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April 11, 2006 > Protect Your Eyes and Stay in the Game

Protect Your Eyes and Stay in the Game

April is Sports Eye Safety Month

Whether it's organized sports or just hitting the ball around, don't forget the eye protection when you pack your gear. Every year more than 40,000 athletes suffer eye injuries, which are mostly preventable, according to the American Academy of Ophthalmology (AAO).

The AAO is urging athletes and sports enthusiasts to protect your eyes while playing sports during Sports Eye Safety Month this April. It's especially important for children, who are often involved in organized sports, because eye injuries are a leading cause of visual impairment in kids, according to the AAO.

Many children's sports leagues, schools and teams don't require their young athletes to wear eye protection. Parents should insist that children wear the appropriate eye protection every time they play.

"Anyone who engages in sports should wear protective eye gear," said Dr. Fang Tan, a Washington Hospital ophthalmologist. "Damaging your eyes can have life-altering consequences. Eye injuries can lead to blindness."

For young athletes, baseball and basketball account for the largest number of injuries, according to the AAO. Consider that Little League pitchers can throw the ball up to 70 miles per hour, fast enough to break bones and do serious damage to the eye. In basketball, it's hard to avoid occasional contact with flying elbows and fingers.

But baseball and basketball aren't the only sports that contribute to the thousands of eye injuries each year. Football, hockey, soccer, tennis, golf and water sports can also be very dangerous for the eyes.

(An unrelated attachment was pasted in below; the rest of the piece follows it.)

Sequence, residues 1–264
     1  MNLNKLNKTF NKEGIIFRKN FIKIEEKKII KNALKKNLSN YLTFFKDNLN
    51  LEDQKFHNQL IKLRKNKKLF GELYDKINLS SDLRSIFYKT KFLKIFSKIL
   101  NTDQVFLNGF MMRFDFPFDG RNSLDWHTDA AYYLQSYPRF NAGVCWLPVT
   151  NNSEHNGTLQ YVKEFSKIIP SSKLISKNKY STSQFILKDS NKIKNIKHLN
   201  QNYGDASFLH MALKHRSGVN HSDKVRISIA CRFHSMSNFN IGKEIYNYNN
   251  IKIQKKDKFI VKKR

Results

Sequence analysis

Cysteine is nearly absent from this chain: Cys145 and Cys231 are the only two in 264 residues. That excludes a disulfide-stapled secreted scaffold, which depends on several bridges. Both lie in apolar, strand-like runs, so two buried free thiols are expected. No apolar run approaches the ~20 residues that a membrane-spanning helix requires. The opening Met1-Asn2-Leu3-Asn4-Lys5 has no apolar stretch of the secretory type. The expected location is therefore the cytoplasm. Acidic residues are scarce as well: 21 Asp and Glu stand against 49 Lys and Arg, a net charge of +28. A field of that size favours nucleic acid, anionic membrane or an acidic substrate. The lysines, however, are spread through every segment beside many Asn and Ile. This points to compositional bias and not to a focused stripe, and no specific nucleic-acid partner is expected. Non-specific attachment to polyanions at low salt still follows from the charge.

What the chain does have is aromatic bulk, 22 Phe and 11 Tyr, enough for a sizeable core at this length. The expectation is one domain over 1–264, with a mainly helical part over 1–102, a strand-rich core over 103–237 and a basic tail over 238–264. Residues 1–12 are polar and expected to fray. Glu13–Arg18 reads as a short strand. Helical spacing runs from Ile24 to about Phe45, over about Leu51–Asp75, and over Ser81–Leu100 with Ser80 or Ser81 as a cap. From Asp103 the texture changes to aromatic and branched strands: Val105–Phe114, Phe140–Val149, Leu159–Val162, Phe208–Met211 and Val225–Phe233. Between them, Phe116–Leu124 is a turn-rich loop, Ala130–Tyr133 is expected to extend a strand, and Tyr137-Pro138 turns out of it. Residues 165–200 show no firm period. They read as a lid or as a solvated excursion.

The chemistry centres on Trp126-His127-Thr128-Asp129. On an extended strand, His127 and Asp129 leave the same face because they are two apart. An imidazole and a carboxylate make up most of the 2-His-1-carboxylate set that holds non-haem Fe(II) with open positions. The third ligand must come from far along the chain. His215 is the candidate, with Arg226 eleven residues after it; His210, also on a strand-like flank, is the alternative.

Proper Eye Gear Prevents Injuries

Common eye injuries from sports can range from bruises on the eyelids and abrasions on the cornea to internal eye injuries such as anterior chamber hemorrhage, lens dislocation, retinal contusion or detachment, internal bleeding and ruptured globe. Retinal detachment is very dangerous because the retina is in the back of the eye and receives the visual image.

According to the AAO, 90 percent of eye injuries can be prevented with the proper protective eye gear. Specific eyewear is available for just about every sport.

Most protective eyewear, including goggles and face shields and guards, should be made of polycarbonate plastic and properly fitted.

Today's sports enthusiasts have a wide variety of sturdy, lightweight, effective and fashionable eyewear available to them and there is no evidence that wearing protective eye gear hampers athletic performance. In fact, many famous athletes, including NBA All-Star Kareem Abdul-Jabbar and NFL Hall of Famer Eric Dickerson, have excelled at their respective sports while wearing protective eye gear.

"There's no reason not to wear it," Tan said. "Protective eyewear is readily available and it can prevent a life-long visual impairment - even blindness - and improve your quality of life."

For more information about eye safety and a list of recommended eye gear for each sport, visit

Washington Township Health Care District has been committed to serving District residents since it was formed in 1948. For more information about Washington Hospital and its programs and services, visit

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